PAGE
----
The Truth About The Appen (ASX: APX) Business Model

One of the most popular ASX stocks over the last few years has been data labelling specialists Appen Ltd (ASX: APX). I first looked at Appen, and met its CEO, when it was trading at around $1.50. In hindsight, that would have been an excellent time to buy, but at the time I did not foresee the boom in demand for data labelling that was about to commence.

You see, at that time, Appen looked to me like a labour hire firm. First, they would contract with a huge distributed workforce of casual data labellers, and then they would contract with large tech companies (principally Microsoft at that time) to use the contractor workforce to provide data labelling services. Appen’s profit was the difference between what they were paid by the tech companies, and what they paid the contractors.

What I underestimated then was that in the period between 2015 and 2020, deep learning neural network artificial intelligence was taking off as a system. The upside of deep learning is that it is an extremely powerful way to train artificial intelligence, the downside is that it required tonnes more labelled data than prior versions of artificial intelligence.

To take the example of computer vision technology used to recognise pastries, in Japan, the older system would be able to learn about a new pastry with just a few labelled pictures, but the newer neural network systems would require hundreds of pictures; or even more. However, the new system had the advantage that the computer would not need to be told or helped to solve problems like shadows, or pastries that were touching each other. It could just figure it out.

This advent of deep learning as the preferred AI system drove a huge explosion in demand for data. Appen is, and was, the shovel shop in a gold rush. Growing demand lead to growing revenue and growing profits. The share price increased more than 20-fold, to $43 per share.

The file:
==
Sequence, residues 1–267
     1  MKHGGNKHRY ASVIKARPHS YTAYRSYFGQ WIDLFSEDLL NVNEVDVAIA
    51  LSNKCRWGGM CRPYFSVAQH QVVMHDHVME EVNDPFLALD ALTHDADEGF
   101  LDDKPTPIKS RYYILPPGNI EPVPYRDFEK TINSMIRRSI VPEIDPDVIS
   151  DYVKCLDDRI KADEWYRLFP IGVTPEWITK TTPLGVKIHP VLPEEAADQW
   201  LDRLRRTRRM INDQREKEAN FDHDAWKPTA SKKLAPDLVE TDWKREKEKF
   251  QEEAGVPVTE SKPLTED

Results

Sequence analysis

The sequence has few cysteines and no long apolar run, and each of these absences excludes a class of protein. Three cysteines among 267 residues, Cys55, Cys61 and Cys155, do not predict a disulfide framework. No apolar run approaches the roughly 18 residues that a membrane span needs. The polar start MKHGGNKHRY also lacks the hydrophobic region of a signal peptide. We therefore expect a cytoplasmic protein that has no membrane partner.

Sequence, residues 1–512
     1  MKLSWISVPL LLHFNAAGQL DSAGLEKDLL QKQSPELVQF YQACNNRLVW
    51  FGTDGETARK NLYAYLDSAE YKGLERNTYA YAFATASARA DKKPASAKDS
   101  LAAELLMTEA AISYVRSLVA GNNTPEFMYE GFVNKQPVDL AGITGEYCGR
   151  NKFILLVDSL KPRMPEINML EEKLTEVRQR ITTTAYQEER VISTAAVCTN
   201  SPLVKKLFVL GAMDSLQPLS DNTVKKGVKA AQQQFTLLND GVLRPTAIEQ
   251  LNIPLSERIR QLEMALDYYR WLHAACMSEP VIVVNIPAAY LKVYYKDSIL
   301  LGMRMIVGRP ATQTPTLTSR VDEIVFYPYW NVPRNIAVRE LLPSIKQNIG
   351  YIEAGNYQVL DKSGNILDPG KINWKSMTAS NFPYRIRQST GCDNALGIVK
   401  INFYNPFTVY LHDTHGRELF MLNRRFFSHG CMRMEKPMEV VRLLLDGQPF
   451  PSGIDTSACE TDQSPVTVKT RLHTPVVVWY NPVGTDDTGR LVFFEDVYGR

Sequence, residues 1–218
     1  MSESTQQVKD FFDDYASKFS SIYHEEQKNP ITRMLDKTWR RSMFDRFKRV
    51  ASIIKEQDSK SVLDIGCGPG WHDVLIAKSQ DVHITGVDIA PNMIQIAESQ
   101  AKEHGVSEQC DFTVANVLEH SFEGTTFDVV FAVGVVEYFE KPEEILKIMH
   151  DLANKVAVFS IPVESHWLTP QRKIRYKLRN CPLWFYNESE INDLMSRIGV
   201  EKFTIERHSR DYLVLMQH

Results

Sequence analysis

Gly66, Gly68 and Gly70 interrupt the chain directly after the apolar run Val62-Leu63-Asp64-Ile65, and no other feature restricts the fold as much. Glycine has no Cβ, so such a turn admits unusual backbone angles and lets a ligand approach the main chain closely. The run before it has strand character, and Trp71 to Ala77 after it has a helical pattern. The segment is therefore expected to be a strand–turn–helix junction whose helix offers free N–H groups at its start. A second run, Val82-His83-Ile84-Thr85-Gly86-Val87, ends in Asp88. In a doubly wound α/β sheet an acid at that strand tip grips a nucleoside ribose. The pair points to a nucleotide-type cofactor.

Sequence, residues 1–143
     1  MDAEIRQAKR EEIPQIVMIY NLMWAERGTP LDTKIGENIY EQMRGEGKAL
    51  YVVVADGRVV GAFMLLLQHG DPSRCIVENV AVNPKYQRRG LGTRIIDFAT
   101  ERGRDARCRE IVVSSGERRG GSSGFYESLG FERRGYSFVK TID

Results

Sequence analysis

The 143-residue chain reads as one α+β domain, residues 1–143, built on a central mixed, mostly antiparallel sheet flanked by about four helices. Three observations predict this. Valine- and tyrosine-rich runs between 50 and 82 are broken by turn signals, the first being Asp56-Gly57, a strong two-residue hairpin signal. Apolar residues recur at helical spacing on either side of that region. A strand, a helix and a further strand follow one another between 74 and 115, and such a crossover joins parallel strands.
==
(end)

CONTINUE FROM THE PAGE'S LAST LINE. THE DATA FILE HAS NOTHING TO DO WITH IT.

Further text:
Personally, I may have missed the start of the run but I figured it out eventually. I bought the stock for the tailwind (in the teens) but I never forgot that it was a labour hire firm, and found myself selling above $20. Most recently, I bought the shares below $20 in March 2020. Subsequently, I warned readers that the price had gotten too high, sold half my shares in August 2020 (at over $37!), after explaining my intention to readers. Finally, in December 2020 I sold my last Appen shares, as I explained to David Koch on The Call.

But the question now is whether I should buy shares once again, at under $14. To answer that, we first need to understand Appen’s business model, and the key drivers of its profits going forward.

The Truth About Appen (ASX:APX)

In the past, Appen has been a little coy about its reliance on Google, Facebook, and Microsoft for its revenues. This might not have been obvious to the average punter, but it was always a well known fact. Indeed, way back at a share price of $1.50, it was my main concern. Concentrated powerful customers create significant business risk.

In the last year, demand for relevance data from these customers has stopped growing so quickly, as you can see below.

What the chart above does not capture is that the relevance data, in the first half of 2020, was $273.9M, which means the second half was actually down, to $264.3 million. This should be viewed as evidence that the demand tailwinds that once blew, are no longer so prevalent.

Last week, Appen did a big presentation to the market where it hoped to convince investors that it was realigning itself to be less reliant on these large “global” customers, from whom demand appears to be stablising at best, reducing at worst. Below, you can see an indication of how important these customers are to its overall revenue and profitability.